(not only IO bound tasks, it could be time waiting to get monitor lock or time when thread is in WAITING/TIMED_WAITING state)

Service time - is the time spent being busy, say processing the HTTP response, marshaling/unmarshaling, any other transformations etc.

Wait time / Service time - this ratio is often called blocking coefficient.

A computation-intensive task has a blocking coefficient close to 0, in this case, the number of threads is equal to the number of available cores. If all tasks are computation intensive, then this is all we need. Having more threads will not help.

For example:

A worker thread makes a call to a microservice, serializes response into JSON and executes some set of rules. The microservice response time is 50ms, processing time is 5ms. We deploy our application to a server with a dual-core CPU:

  2 * (1 + 50 / 5) = 22 // optimal thread pool size

But this example is oversimplified. Besides an HTTP connection pool, your application may have requests from JMS and probably a JDBC connection pool.

If you have different classes of tasks it is best practice to use multiple thread pools, so each can be tuned according to its workload.

In case of multiple thread pools, just add a target CPU utilization parameter to the formula.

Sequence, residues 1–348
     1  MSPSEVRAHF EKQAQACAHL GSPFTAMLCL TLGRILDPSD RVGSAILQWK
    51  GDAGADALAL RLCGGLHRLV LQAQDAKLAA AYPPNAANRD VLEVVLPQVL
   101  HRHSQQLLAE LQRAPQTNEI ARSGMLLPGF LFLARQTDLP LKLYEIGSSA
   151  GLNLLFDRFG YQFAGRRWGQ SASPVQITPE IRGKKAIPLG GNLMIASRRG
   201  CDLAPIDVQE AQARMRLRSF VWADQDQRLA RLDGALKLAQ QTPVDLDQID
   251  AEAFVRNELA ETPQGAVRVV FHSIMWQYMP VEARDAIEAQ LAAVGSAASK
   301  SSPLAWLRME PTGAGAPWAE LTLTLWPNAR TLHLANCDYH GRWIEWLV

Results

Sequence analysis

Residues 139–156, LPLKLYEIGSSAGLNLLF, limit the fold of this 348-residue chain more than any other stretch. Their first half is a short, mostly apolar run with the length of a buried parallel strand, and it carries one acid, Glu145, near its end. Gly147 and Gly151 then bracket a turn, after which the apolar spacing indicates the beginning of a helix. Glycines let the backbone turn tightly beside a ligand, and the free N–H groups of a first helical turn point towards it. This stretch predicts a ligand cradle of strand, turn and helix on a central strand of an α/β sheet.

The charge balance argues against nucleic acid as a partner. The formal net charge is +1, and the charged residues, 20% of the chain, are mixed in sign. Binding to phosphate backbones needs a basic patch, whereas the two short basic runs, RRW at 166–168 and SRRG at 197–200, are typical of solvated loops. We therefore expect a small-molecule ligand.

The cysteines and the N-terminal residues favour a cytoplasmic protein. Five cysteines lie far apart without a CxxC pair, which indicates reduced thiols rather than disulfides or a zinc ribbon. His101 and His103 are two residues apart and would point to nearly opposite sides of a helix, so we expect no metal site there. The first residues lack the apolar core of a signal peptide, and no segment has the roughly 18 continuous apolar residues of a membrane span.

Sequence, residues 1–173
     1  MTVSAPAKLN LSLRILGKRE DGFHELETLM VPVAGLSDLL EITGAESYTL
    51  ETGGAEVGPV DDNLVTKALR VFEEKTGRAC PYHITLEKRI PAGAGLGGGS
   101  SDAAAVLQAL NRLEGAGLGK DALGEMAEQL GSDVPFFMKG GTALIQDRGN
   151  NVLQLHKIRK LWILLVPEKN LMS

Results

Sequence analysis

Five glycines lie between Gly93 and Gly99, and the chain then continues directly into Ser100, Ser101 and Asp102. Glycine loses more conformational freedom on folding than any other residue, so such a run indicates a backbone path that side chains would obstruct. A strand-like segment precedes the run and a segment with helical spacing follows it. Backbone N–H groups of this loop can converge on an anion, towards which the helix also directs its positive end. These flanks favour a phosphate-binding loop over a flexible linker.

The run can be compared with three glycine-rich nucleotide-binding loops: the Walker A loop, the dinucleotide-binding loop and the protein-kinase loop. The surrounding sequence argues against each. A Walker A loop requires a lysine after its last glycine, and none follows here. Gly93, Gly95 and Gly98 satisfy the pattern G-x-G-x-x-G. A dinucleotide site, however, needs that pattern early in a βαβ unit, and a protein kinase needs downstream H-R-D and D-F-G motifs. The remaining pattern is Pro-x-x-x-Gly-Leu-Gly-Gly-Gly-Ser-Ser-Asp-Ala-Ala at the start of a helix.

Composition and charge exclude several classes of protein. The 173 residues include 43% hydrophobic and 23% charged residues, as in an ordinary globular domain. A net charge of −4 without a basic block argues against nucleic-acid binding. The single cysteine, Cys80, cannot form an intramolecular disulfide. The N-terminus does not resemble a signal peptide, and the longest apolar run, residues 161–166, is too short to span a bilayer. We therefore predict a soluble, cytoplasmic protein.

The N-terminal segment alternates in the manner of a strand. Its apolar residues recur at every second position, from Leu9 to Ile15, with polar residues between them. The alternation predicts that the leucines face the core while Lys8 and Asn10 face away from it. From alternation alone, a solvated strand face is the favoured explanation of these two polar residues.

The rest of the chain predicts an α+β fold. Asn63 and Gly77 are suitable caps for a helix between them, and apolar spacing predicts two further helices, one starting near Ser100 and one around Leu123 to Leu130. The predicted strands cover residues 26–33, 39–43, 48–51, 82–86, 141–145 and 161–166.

Target CPU utilization [0..1], 1 - means thread pull will keep the processors fully utilized).

The formula becomes:

 Number of threads = Number of Available Cores * Target CPU utilization * (1 + Wait time / Service time)

Little's law

At this step we can get an optimal thread pool size, we know our theoretical upper bounds and we have some metrics in place. But how does the number of parallel workers change the latency or throughput?

Little's law can be used to answer this question. The law says that the number of requests in a system equals the rate at which they arrive, multiplied by the average amount of time it takes to service an individual request. We can use this formula to calculate how many parallel workers there should be to handle a predefined throughput at a particular latency level.

L = λ * W

L - the number of requests processed simultaneously
λ – long-term average arrival rate (RPS)
W – the average time to handle the request (latency)

Using this formula, we can calculate the system capacity, or how many instances running in parallel we need in order to handle the required number of requests per second with a stable response time.

Let's get back to our example. We have a service with average response time 55ms (50 wait time + 5 service time) and thread pool size with 22 worker threads.

Applying Little's law formula we get:

22 / 0.055 = 400 // the number of requests per second our service can handle with a stable response time


These formulas are not a silver bullet and cannot magically fit any projects but they could be a great starting point for your project. The disadvantage of the formulas is that they focus on the average number of requests in the system and might not suit for various traffic burst patterns. You can start with the values calculated by these formulas and then adjust your thread pool properties after load testing.

And one more time - “measure don’t guess”!

We're hiring! Do you like working in an ever evolving organization such as Zalando? Consider joining our teams as a Software Engineer!

Related posts